We can conclude that continuing to follow a healthy lifestyle or improving one’s unhealthy lifestyle could help prevent or slow down cognitive decline. Regularly engaging in a proper amount of exercise can help the cognitive function of the elderly. In particular, females can experience positive effects on their cognitive function if they participate in social activities while maintaining healthy lifestyles, such as not drinking too much alcohol.

Availability of data and materials

Data used in this study are available at:



Korean Longitudinal Study of Aging


World Health Organization


Activities of daily living


Instrumental ADL


Computer-assisted personal interviewing


Korean Mini-Mental State Examination


Body mass index


10-item Center for the Epidemiological Studies of Depression Short Form


Analysis of variance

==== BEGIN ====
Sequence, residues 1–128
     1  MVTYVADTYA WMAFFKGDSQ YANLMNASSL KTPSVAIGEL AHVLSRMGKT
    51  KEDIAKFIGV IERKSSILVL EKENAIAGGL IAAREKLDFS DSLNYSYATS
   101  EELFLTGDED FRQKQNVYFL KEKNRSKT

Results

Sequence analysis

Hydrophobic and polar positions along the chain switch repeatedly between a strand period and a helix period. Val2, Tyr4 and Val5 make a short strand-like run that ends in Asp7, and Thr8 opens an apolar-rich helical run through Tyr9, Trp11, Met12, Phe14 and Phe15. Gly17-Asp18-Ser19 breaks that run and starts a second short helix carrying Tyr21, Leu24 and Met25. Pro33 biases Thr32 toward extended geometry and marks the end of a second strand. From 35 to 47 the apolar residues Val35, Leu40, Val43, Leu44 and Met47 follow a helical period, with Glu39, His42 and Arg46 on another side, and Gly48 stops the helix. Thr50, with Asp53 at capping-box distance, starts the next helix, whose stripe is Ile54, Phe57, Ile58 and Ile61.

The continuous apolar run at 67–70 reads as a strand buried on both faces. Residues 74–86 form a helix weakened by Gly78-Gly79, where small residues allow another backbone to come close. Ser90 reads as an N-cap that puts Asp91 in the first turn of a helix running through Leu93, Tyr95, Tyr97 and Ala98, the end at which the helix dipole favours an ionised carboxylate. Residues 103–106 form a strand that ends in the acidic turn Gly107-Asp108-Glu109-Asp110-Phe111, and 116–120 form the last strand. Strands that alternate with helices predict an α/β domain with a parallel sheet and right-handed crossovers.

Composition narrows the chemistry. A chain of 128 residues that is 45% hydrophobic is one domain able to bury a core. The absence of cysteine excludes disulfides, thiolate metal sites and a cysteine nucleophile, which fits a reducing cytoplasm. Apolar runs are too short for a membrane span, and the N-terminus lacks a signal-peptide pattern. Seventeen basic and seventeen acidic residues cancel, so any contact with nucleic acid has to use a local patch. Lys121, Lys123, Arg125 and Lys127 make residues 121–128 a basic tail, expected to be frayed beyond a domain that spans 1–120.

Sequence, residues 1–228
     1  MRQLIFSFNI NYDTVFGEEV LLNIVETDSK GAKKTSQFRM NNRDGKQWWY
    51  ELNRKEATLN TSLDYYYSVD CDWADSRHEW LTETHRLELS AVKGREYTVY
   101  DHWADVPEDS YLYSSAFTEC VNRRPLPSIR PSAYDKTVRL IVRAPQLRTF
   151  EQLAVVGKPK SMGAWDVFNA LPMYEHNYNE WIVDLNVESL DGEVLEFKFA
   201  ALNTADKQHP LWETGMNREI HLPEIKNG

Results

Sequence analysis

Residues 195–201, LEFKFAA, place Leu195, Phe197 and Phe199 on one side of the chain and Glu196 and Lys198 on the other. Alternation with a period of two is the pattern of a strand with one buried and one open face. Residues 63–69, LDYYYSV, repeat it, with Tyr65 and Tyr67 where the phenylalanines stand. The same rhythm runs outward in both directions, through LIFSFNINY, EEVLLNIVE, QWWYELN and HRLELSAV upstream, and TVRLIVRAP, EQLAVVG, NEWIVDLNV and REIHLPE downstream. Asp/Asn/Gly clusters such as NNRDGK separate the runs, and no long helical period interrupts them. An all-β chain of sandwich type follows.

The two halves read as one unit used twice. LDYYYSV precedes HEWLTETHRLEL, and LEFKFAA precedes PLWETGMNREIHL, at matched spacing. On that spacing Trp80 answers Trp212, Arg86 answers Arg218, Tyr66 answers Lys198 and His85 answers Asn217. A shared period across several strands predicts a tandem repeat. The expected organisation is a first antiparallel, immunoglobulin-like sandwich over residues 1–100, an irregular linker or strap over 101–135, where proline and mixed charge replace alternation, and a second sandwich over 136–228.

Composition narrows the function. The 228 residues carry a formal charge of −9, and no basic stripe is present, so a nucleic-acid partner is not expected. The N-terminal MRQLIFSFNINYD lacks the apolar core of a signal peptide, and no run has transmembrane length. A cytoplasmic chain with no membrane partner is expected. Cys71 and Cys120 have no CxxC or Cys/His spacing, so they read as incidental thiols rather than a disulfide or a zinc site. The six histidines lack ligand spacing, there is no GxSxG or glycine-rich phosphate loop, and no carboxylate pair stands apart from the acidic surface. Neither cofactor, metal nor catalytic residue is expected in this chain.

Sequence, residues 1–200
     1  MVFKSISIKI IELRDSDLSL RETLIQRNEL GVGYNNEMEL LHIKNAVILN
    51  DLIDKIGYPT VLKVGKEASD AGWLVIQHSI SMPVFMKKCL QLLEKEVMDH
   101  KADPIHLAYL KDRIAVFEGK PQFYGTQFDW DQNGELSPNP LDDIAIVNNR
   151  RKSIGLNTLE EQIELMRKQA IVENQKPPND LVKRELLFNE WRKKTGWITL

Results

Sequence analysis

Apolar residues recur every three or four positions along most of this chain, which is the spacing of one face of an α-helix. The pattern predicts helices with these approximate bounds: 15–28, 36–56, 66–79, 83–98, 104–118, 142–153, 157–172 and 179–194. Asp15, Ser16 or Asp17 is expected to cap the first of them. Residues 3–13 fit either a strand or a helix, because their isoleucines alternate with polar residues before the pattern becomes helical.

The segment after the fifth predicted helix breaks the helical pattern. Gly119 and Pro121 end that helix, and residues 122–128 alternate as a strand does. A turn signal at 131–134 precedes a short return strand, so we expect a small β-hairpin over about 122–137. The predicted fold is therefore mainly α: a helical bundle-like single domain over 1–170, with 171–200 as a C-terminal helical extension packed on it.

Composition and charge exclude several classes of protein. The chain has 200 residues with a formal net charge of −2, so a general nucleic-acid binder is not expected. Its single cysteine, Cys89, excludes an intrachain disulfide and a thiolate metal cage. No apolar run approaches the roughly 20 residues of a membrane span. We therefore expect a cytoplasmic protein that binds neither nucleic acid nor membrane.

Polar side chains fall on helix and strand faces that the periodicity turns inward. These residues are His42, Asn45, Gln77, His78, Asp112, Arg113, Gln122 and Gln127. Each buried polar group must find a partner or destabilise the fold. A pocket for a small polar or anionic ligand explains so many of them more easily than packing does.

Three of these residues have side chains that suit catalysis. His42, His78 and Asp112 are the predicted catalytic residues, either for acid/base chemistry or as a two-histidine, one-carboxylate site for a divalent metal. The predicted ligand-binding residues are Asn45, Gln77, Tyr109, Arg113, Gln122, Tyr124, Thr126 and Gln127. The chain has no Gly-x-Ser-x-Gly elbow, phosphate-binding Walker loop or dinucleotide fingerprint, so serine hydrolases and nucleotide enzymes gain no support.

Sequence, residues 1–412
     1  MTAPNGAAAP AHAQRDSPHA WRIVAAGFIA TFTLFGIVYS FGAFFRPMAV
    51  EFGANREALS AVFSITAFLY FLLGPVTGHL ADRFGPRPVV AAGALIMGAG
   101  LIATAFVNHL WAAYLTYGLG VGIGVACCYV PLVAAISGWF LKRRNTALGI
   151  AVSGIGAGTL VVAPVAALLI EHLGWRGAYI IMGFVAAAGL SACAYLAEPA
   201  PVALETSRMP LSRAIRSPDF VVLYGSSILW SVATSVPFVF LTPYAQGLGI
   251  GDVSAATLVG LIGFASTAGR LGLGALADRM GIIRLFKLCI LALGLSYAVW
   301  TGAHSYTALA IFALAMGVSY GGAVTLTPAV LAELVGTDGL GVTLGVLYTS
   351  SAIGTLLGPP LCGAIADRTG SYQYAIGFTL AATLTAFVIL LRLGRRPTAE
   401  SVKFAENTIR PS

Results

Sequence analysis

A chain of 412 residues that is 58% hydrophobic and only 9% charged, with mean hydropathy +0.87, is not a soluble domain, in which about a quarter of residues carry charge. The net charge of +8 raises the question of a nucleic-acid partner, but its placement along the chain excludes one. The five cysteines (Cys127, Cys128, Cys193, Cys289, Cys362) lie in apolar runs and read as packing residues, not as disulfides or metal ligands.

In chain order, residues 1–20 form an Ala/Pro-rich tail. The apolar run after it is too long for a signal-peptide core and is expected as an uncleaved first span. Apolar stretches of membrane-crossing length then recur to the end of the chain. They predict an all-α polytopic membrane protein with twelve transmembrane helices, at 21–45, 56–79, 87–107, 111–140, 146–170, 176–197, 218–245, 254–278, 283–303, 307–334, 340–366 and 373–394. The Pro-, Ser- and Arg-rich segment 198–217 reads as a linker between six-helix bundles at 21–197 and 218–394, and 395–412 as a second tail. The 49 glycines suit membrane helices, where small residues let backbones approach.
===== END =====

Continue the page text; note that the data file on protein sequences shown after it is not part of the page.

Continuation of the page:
Generalized estimating equation


Standard errors


Variance inflation factor


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We would like to acknowledgment the Korea Employment Information Service (KEIS) for conducting the Korean Longitudinal Study of Aging (KLoSA), which was the primary source of our study.


This study was supported by a faculty research grant of Yonsei University College of Medicine (6–2018-0174 and 6–2017-0157). The funders had no role in study design, data collection and analysis, decision to publish, or preparation of the manuscript.

Author information